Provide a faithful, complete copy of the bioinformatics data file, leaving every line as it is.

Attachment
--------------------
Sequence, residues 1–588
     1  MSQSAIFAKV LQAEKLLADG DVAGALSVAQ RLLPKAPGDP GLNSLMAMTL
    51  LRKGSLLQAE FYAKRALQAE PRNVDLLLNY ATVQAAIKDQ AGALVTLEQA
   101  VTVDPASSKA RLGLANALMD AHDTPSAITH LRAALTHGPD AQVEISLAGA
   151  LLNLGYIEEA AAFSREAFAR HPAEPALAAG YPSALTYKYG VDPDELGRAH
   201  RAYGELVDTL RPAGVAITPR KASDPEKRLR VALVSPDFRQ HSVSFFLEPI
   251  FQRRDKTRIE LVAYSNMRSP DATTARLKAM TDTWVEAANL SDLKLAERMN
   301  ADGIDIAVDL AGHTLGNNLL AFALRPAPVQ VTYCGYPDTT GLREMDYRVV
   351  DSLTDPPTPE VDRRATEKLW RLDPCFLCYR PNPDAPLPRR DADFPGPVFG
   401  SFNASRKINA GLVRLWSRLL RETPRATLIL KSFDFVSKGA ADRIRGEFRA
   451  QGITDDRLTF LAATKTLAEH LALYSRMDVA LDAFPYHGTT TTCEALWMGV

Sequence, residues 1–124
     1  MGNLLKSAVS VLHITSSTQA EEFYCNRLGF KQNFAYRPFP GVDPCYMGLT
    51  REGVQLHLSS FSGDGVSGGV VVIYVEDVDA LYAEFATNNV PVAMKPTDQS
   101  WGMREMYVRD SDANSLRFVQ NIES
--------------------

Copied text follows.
Sequence, residues 1–588
     1  MSQSAIFAKV LQAEKLLADG DVAGALSVAQ RLLPKAPGDP GLNSLMAMTL
    51  LRKGSLLQAE FYAKRALQAE PRNVDLLLNY ATVQAAIKDQ AGALVTLEQA
   101  VTVDPASSKA RLGLANALMD AHDTPSAITH LRAALTHGPD AQVEISLAGA
   151  LLNLGYIEEA AAFSREAFAR HPAEPALAAG YPSALTYKYG VDPDELGRAH
   201  RAYGELVDTL RPAGVAITPR KASDPEKRLR VALVSPDFRQ HSVSFFLEPI
   251  FQRRDKTRIE LVAYSNMRSP DATTARLKAM TDTWVEAANL SDLKLAERMN
   301  ADGIDIAVDL AGHTLGNNLL AFALRPAPVQ VTYCGYPDTT GLREMDYRVV
   351  DSLTDPPTPE VDRRATEKLW RLDPCFLCYR PNPDAPLPRR DADFPGPVFG
   401  SFNASRKINA GLVRLWSRLL RETPRATLIL KSFDFVSKGA ADRIRGEFRA
   451  QGITDDRLTF LAATKTLAEH LALYSRMDVA LDAFPYHGTT TTCEALWMGV

Sequence, residues 1–124
     1  MGNLLKSAVS VLHITSSTQA EEFYCNRLGF KQNFAYRPFP GVDPCYMGLT
    51  REGVQLHLSS FSGDGVSGGV VVIYVEDVDA LYAEFATNNV PVAMKPTDQS
   101  WGMREMYVRD SDANSLRFVQ NIES